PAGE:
Embrace the Cold

Woman with big mug of hot drink during cold day.

I was recently talking to a friend about the fact that one of my sons will be working in Rochester, MN for a second summer and how much he likes the community, and then I added, “of course he hasn’t been there in the winter.” My friend replied that the difference is, in Rochester they embrace the cold. It’s true . . . in looking at promotional materials for the city, it is almost as if they eagerly anticipate winter for all activities that are unique to that time of year. Huh . . . interesting concept . . . instead of bemoaning their circumstances, which they really can’t change anyway, they embrace the opportunities available to them as a result.

A lot of us could learn a lesson to two from our friends in Rochester, and I’m sure many other northern cities. If you can’t change it, sometimes your best option is to embrace the cold. Think about it, does all the bemoaning of your unfortunate circumstances, the fanaticizing about a preferred situation, really make you feel any better? In my experience, if anything, this type of wallowing only makes you feel worse. And if you’re a leader, aren’t you charged with finding a path out of difficult situations? You may have a lot of company if you choose to burrow in and bellyache, but your job isn’t to rally the troops with a another chorus of “ain’t it awful,” your job is to lead.

When you make a choice to embrace the cold, to look for the opportunities in the current circumstances, it’s a bit like putting on sunglasses to cut the blinding glare of the snow. Suddenly, you are able to see things you otherwise would have missed. Maybe you have the opportunity to collaborate in ways that would not happened in different circumstances. Or perhaps there is now an openness to totally reimagine a program or service, which wouldn’t have been pursued in warmer times. You know, the Chinese word for crisis is made up of two characters, one means danger and the other means opportunity. Pull in, or reach out — the “crisis” of a winter chill offers both options.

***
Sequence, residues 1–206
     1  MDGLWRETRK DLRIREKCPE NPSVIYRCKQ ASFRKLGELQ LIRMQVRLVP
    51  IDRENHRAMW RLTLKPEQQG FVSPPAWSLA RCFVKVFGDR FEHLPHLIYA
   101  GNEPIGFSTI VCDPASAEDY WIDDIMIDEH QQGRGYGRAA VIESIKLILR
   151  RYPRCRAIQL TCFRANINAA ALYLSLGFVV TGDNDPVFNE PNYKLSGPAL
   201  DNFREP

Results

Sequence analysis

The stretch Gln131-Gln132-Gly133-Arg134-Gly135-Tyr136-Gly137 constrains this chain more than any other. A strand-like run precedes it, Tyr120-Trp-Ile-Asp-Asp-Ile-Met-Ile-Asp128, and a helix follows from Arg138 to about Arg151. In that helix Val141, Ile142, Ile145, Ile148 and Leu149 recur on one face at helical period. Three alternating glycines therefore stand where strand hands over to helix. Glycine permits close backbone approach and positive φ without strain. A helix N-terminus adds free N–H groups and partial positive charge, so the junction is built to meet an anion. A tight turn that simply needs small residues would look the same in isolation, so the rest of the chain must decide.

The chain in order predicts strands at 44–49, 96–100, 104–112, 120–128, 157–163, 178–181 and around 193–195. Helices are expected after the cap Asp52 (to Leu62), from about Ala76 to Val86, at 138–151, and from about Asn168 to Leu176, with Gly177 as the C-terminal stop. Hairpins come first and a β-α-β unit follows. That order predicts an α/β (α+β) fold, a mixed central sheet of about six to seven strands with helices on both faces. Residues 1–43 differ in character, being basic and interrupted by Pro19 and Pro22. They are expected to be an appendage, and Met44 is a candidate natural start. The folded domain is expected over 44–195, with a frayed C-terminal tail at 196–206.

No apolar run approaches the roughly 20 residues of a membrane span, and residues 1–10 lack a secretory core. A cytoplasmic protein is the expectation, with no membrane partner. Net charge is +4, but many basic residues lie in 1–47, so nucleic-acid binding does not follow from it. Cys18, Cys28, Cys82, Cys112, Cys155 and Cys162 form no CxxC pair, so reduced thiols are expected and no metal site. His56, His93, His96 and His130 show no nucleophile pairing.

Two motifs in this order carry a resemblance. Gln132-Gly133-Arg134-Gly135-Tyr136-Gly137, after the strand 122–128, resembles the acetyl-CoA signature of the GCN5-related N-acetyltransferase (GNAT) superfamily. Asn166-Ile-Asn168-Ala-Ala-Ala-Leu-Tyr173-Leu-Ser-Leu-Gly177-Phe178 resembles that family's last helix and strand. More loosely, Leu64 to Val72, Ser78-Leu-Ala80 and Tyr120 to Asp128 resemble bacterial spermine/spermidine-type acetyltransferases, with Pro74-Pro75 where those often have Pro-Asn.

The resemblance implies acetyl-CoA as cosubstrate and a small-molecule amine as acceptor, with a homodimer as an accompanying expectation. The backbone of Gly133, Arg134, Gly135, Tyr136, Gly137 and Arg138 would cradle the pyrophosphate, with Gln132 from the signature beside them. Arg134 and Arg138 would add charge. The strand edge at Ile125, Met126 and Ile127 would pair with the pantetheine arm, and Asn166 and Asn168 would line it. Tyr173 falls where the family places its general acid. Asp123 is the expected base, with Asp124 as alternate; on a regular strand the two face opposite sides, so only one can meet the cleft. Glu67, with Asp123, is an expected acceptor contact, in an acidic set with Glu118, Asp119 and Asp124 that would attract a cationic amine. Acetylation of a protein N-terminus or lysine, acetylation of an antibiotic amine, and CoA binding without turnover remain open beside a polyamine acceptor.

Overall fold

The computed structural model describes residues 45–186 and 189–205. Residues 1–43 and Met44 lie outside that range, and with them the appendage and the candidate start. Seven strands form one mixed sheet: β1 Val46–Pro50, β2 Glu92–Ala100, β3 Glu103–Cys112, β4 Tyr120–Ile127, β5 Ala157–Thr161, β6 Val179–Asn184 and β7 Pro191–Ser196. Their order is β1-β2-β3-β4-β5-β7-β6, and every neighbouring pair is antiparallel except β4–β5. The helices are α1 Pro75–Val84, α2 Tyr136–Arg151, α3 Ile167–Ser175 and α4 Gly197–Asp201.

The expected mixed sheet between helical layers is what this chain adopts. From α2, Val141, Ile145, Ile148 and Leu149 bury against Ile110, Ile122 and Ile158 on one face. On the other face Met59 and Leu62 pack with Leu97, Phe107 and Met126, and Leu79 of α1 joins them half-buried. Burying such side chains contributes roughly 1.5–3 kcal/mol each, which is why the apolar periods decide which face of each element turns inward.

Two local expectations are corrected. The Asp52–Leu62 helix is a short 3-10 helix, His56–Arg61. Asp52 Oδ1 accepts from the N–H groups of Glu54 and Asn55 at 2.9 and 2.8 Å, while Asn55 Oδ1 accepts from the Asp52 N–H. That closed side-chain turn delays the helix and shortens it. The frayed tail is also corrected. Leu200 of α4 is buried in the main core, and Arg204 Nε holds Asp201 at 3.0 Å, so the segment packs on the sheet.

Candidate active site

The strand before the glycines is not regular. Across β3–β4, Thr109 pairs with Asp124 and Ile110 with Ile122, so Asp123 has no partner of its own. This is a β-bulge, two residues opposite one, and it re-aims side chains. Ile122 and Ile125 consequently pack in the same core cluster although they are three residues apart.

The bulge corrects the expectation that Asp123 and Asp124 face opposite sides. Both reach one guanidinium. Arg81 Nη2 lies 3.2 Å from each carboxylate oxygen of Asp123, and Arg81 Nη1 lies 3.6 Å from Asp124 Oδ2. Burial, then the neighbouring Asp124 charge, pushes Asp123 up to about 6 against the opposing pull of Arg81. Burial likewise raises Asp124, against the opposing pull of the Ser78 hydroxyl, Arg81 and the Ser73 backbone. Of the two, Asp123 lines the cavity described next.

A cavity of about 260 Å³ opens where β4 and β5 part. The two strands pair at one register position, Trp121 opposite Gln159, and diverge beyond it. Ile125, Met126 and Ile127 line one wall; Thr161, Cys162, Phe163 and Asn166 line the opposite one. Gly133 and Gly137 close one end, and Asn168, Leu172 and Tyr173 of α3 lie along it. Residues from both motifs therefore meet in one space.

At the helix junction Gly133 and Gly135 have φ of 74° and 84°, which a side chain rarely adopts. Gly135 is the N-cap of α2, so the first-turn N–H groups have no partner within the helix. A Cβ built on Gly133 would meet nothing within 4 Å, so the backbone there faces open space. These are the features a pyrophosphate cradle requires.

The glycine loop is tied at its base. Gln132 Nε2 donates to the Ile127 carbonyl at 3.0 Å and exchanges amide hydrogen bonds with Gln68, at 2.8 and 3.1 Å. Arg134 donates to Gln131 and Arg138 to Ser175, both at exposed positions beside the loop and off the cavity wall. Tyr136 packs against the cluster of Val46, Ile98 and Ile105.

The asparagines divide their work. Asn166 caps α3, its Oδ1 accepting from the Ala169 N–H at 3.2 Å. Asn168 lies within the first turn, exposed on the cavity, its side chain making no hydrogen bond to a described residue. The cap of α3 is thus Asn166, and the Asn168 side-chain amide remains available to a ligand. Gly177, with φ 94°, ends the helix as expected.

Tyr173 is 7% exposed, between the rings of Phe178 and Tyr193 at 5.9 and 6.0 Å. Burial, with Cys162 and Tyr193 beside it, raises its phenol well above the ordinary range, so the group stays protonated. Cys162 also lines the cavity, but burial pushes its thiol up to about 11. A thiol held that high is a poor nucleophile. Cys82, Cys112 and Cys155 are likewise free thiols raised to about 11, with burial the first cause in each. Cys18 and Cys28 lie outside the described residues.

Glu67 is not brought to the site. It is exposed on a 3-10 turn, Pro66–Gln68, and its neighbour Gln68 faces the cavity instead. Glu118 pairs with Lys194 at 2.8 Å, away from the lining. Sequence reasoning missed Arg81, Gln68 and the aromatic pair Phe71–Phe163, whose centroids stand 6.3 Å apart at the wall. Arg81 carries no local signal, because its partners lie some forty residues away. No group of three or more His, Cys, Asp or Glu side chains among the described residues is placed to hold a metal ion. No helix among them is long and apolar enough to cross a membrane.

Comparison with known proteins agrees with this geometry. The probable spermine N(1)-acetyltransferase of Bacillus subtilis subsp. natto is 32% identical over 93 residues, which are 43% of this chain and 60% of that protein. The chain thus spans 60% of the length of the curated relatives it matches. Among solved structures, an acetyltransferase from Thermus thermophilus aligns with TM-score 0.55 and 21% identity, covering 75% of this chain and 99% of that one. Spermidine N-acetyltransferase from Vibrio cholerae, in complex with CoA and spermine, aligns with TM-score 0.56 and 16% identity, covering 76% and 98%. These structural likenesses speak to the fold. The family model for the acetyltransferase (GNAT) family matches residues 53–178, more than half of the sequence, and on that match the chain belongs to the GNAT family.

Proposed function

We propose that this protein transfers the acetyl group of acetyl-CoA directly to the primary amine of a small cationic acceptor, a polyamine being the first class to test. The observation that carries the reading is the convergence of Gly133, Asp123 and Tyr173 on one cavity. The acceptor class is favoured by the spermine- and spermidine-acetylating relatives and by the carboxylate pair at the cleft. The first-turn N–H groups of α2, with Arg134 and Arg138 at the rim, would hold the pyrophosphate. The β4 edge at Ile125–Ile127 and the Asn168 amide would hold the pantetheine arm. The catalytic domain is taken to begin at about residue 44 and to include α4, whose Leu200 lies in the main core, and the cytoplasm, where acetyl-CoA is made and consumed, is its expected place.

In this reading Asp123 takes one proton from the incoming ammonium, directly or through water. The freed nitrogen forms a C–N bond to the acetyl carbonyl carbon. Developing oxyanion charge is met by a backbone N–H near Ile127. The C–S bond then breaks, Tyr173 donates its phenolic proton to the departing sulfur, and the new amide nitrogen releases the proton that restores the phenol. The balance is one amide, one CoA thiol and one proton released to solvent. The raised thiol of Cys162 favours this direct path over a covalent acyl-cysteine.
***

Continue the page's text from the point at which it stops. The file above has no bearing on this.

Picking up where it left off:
Cold weather is when we need leaders the most. Our followers are more easily motivated on warm sunny days, but when the temperature drops, it is our job to help them see the possibilities in skiing and sledding, the beauty in snow-covered vistas . . . and of course hot chocolate! Would anyone even have invented hot chocolate without a bit of a chill in the air? Your team is looking to you to see if they should hunker down or put on their parka and venture out.

My advice? Bundle up, grab a thermos of hot chocolate, and embrace the cold!

It’s an Inside Job

Job interview

I recently came across two statistics, from separate studies/publications, that gave me pause. For years I have been hearing concerns raised about an impending leadership crisis in the nonprofit industry, so I took great interest in an article that appeared in the Sanford Social Innovation Review titled “The Nonprofit Leadership Development Deficit.”  The article highlighted findings from research conducted by The Bridgespan Group which indicated, “Only 30%of C–suite roles in the nonprofit sector were filled by internal promotion in the past two years — about half the rate of for-profits.” Shortly after reading that article, I read a Harvard Business Review article on The Best Performing CEOs in the world.  It indicated that 86% of the 100 best CEOs were promoted to the position from within their companies.

Okay, so let me get this straight . . . 30% of senior leaders in nonprofits are hired from within, approximately 60% of for-profits selected their key leaders from within, and 86% of the best CEOs in the world were promoted from within. I’m no rocket scientist, but it seems like maybe non-profit leaders should be focusing more of their energies on growing their own leaders.

According to the Nonprofit Leadership Deficit article, corporate CEOs dedicate 30 – 50% of their time and focus on cultivating talent within their organizations. Yes, I can already hear the litany of reasons as to why that just isn’t feasible for a non-profit executive . . . to which I humbly reply . . . really?!?